Jefferson City- Senate Republican leaders voiced their displeasure with the governor’s veto of Senate Bill 656. Passed during the final week of session, the legislation strengthens the Second Amendment right of all Missourians to keep and bear arms.
“I am disappointed to hear the governor vetoed a common-sense bill that expands the rights of law-abiding citizens to protect themselves and their families,” stated Senate President Pro Tem Ron Richard (R-Joplin).
Through the legislation, lawmakers hoped to give Missourians the right to protect themselves and their families at all times. Supporters of SB 656 believe it has the potential to save lives.
“In an era when we see radical Islamic terrorists shifting their focus to attacks on targets such as employee Christmas parties in San Bernardino or nightclubs in Orlando, we should be doing all we can to make sure the citizens of Missouri have the ability to protect themselves,” said Sen. Brian Munzlinger (R-Williamstown), the sponsor of the legislation. “It is hard to believe our governor would veto a bill that gives Missourians the ability to protect themselves.”
The Missouri House of Representatives and Missouri Senate approved the legislation by a veto- proof margin. Senate leaders are dedicated to addressing the governor’s actions during the upcoming veto session.
“This issue was a priority with our caucus and passed the Senate by an overwhelming vote,” added Senate Majority Floor Leader Mike Kehoe (R-Jefferson City). “I fully expect that we will override the governor’s veto in September when we reconvene for our annual veto session.”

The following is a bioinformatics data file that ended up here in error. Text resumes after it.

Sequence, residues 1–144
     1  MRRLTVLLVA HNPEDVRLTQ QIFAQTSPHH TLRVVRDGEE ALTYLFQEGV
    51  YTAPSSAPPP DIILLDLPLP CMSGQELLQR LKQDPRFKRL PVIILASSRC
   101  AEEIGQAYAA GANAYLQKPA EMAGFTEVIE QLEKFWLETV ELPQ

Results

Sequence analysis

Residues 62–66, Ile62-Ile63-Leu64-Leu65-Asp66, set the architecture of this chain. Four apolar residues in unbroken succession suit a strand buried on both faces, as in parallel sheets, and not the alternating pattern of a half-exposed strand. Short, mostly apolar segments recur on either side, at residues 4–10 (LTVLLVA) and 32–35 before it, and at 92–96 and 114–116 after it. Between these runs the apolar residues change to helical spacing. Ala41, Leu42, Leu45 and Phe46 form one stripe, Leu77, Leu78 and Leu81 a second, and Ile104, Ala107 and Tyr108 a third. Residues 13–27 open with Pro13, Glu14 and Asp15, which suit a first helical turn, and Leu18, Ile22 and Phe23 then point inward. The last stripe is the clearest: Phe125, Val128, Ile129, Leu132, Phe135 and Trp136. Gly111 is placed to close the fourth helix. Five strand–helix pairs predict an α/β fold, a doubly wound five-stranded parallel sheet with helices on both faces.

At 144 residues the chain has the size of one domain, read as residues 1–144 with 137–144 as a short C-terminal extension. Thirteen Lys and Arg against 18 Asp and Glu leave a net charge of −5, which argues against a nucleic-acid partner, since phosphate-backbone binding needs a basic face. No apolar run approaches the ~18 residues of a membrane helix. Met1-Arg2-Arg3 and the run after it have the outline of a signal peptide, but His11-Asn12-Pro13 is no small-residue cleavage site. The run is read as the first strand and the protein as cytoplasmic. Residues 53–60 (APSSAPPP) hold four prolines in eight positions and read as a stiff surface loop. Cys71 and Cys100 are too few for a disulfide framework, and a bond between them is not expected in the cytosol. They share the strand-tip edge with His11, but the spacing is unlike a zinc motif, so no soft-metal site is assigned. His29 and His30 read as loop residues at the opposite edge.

Senate leaders believe this bill is vital to protecting the lives of all Missourians and are determined to take the necessary steps to override the governor’s veto.
“We are told there are currently investigations of radical terrorist elements in all 50 states,” added Sen. Munzlinger. “Let’s not forget the satellite phone used by Osama Bin Laden to call in attacks on U.S. embassies in Africa was purchased by a radicalized student at the University of Missouri. No place is safe from the threat of terror and there are not enough law enforcement officers to be everywhere at once. We must allow law-abiding citizens to protect themselves. This bill was a significant step in that direction and I am determined to override this shocking veto.”
Lawmakers return to the State Capitol on September 14 for the annual veto session to address any legislation vetoed by the governor.